Garibaldi Hotel (Main Road)

From Hotels of Ballarat
For other hotels with the same or similar names, see Garibaldi Hotel.
Garibaldi Hotel
Picture needed
Town Ballarat
Street Main Road
Known dates 1873

The Garibaldi Hotel was a hotel in Ballarat, Victoria, <1873>.

Site[edit | edit source]

The hotel was in Main Street, Ballarat.[1]

Background[edit | edit source]

The hotel is probably named after the Italian general, politician and nationalist, Giuseppe Garibaldi (1807-1882).[2]

History[edit | edit source]

In May 1872 a man indecently exposed himself to the landlord's daughter, who was serving drinks at the bar:

INDECENT EXPOSURE.—Ralph Knight, an old man, was charged with having wilfully and obscenely exposed his person on the 2nd instant to a little girl, nine years and seven months old, named Rosalind Gainsborg, at the Garibaldi hotel. The evidence was to the effect that the prisoner went into the hotel in the morning and had a glass of ale, which was served to him by the girl. He was then guilty of the most disgusting conduct towards the child, and was observed through a glass door, by a man Furlong, who was in another part of the house talking to Mr Aaron Gainsborg, the little girl’s brother. The girl then ran in to them, and they followed the prisoner, who went into the Rising Sun hotel, where he was arrested by Senior-constable Cox. On the way to the watchhouse the prisoner offered the constable and Mr Furlong £5 if they would let him go. The prisoner was in the act of buttoning up his trousers when he was arrested. £85 18s 11d was found on his person. Mr O’Dee prosecuted, and Mr M'Donnell defended the prisoner. Mr M'Donnell addressed the court on behalf of the prisoner, and attempted to throw discredit on the girl’s statement. The prisoner, then made a statement, and said he had only felt in his trousers pocket for his purse, and was never guilty of indecent behavior to the little girl. Mr Gaunt said in the whole course of his experience he never remembered a more gross case haying been brought before him, or a case in which the charge had been more distinctly proved. In most of these cases the facts were sworn to by children alone. In this case the girl was a remarkably intelligent child, and apparently well educated and brought up, although from the fact of her father being a hotelkeeper, she might have had undue facilities for seeing that which was wrong and improper. If the case had rested on her evidence alone he might have had some doubt as to the conviction of the man. But in this case there could be no doubt as to the evidence of the man, Furlong. He said that the man made some improper motions, and then that he saw him through the glass door perform an act of gross indecency. There could be no possible doubt with respect to this man’s evidence, and no suspicion could be thrown upon him. He was sure that anything he could say to the prisoner would have very little effect upon him, and he also felt some difficulty as to the punishment he would inflict upon him. The law gave the police-magistrate power to order flogging in these cases, and the prisoner was an old man, but still apparently hale and hearty. He was not a tap-room loafer, and because he was a man who held a respectable position, and might be respectably connected, he would not shrink from his duty by not ordering him to be flogged. Mr O’Dee said it was the wish of the prosecutor in this case that the prisoner should not be flogged, on account of his age. Mr Gaunt said that only a few days ago the Chief Justice sentenced a man whose years were as great as the prisoner’s to a long term of imprisonment, and also to be once flogged. The punishment he had intended to give the prisoner before him was six months’ imprisonment, and two floggings of 25 lashes each with the cat-o’-nine-tails; but in consideration of the wish of the prosecution, he would only order the prisoner to be imprisoned and kept to hard labor for nine months. The prisoner was then removed, and shortly after Mr M’Donnell gave notice of appeal.[3]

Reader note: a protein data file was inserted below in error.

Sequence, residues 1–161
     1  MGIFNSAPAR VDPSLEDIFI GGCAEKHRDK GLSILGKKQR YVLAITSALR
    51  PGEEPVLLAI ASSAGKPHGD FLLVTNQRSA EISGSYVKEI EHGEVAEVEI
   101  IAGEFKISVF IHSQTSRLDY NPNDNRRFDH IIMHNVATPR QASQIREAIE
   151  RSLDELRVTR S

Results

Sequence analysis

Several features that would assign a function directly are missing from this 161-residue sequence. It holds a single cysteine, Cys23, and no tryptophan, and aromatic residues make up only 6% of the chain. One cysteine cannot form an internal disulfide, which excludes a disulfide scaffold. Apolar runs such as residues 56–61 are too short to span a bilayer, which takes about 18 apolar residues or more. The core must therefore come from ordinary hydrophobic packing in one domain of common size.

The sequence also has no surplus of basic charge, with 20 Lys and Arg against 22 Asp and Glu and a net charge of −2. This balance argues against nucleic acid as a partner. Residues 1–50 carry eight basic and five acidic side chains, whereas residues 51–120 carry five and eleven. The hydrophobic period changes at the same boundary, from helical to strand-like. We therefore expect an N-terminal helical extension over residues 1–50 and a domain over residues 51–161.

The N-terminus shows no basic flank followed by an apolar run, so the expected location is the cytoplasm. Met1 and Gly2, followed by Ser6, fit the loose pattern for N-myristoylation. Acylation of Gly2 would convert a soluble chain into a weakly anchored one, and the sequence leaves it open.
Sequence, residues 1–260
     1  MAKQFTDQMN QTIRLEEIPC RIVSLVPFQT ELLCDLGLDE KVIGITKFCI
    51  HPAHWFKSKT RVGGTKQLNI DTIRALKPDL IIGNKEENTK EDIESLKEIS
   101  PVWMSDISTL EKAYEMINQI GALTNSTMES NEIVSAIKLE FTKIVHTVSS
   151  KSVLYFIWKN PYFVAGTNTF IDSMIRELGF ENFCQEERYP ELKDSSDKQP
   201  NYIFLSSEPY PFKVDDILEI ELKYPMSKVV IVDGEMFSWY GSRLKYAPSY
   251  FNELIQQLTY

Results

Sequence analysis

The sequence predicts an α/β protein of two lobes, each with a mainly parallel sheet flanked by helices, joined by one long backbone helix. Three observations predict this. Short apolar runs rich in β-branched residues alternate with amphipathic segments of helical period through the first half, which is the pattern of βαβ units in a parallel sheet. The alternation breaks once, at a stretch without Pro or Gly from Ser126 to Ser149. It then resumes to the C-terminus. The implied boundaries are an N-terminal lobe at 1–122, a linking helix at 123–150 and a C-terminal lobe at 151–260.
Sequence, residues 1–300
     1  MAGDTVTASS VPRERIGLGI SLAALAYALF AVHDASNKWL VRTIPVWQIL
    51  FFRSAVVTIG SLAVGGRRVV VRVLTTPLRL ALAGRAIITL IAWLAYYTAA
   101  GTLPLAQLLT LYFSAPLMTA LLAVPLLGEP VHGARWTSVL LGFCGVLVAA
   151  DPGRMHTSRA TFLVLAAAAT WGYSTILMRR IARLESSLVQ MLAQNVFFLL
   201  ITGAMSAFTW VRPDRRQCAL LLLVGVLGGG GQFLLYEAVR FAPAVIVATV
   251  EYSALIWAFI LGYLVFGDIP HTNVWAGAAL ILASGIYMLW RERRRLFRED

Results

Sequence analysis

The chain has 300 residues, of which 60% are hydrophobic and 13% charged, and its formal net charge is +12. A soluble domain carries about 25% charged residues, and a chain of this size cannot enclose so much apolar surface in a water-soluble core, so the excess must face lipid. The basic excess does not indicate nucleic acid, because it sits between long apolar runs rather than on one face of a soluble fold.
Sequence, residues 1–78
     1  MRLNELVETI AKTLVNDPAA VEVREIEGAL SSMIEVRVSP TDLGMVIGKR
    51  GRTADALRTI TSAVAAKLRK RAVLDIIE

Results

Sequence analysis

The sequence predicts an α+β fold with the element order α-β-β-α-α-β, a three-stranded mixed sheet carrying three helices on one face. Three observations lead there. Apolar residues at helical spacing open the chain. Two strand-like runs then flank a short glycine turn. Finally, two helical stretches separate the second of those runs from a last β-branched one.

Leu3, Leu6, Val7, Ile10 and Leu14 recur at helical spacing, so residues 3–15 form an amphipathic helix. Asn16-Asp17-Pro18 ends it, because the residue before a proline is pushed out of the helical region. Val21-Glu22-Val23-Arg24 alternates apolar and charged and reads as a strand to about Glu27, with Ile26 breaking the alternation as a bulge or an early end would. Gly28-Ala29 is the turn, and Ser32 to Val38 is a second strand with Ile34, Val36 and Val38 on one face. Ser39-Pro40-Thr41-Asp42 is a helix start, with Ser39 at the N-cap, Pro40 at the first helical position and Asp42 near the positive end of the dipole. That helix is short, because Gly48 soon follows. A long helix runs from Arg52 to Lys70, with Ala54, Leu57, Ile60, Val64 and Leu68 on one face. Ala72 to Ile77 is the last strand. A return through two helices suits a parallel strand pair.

Community Involvement[edit | edit source]

The People[edit | edit source]

See also[edit | edit source]

References[edit | edit source]

  1. 1.0 1.1 1873 'LICENSING BENCH.', The Ballarat Star (Vic. : 1865 - 1924), 23 December, p. 2. , viewed 24 May 2017,
  2. Wikipedia contributors. "Giuseppe Garibaldi." Wikipedia, The Free Encyclopedia. Wikipedia, The Free Encyclopedia, 18 May. 2017. Web. 24 May. 2017.
  3. 1872 'POLICE.', The Ballarat Star (Vic. : 1865 - 1924), 4 May, p. 2. , viewed 06 Jun 2021,

External Links[edit | edit source]